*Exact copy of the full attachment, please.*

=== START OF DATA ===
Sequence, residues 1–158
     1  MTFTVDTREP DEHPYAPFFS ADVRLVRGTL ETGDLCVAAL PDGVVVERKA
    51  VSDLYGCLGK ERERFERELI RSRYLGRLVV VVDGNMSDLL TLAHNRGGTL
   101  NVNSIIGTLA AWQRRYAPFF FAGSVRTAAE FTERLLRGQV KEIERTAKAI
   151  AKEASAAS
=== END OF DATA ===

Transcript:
Sequence, residues 1–158
     1  MTFTVDTREP DEHPYAPFFS ADVRLVRGTL ETGDLCVAAL PDGVVVERKA
    51  VSDLYGCLGK ERERFERELI RSRYLGRLVV VVDGNMSDLL TLAHNRGGTL
   101  NVNSIIGTLA AWQRRYAPFF FAGSVRTAAE FTERLLRGQV KEIERTAKAI
   151  AKEASAAS